Some public services are under an obligation to collect and report on data but only in the context of employment, not the delivery of public goods and services. Commonwealth public authorities are required to collect data about their employees' gender, Aboriginal or Torres Strait Islander Status, disability and their cultural and linguistic background. 21 The Australian Public Service Commission is required to collect data about the composition of the Commonwealth public service. 22 This is published in its annual State of the Service report. Similarly, the state and territory public services are required to collect data about the composition of their workforce and report on this annually. For example, the NSW Public Service Commissioner is required to report annually on workplace diversity across the public sector. Diversity includes gender, cultural and linguistic background, Aboriginal people and people with a disability.23
Since 31 March 2021, Victorian government departments, agencies, universities, and local councils have been subject to audit requirements contained in the Gender Equality Act 2020 (Vic) which requires them to collect "gender-disaggregated data" and report on the state and nature of gender equality in the workplace. 24 The Act's data collection requirements are very similar to the WGE Act 25 but it is also concerned with how inequality can be compounded so data about other attributes (such as Aboriginality, disability, religion and race) is to be collected if available.26 Again, data collection is limited to the public sector and to gender.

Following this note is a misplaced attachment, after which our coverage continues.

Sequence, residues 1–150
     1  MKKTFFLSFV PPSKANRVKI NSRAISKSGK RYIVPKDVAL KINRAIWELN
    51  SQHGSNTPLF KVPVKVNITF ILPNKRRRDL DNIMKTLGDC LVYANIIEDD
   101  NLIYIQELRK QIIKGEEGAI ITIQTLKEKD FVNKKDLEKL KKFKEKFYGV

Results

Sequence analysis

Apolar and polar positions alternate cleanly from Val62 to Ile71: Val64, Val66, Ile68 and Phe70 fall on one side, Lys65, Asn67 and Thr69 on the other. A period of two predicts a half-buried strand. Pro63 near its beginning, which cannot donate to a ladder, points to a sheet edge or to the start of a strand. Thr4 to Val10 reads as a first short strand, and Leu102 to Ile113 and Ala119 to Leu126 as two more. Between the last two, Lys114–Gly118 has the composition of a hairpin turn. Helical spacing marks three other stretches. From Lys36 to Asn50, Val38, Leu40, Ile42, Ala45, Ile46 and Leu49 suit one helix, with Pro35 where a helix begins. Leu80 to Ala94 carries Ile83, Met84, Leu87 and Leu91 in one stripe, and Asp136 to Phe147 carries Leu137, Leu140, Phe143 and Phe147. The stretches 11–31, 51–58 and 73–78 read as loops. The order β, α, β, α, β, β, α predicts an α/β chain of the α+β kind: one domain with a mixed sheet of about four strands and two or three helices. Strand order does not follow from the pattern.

3.2. DATA COLLECTED BY THE EQUALITY AGENCIES
The equality agencies are gatekeepers to a wealth of information about how members of the community are experiencing discrimination. In every jurisdiction except Victoria, it is compulsory to lodge a complaint at an equality agency before the claim can be litigated. The agencies' functions include collecting data about discrimination and inequality. This is stated explicitly for the agencies in South Australia, the Northern Territory and Tasmania.27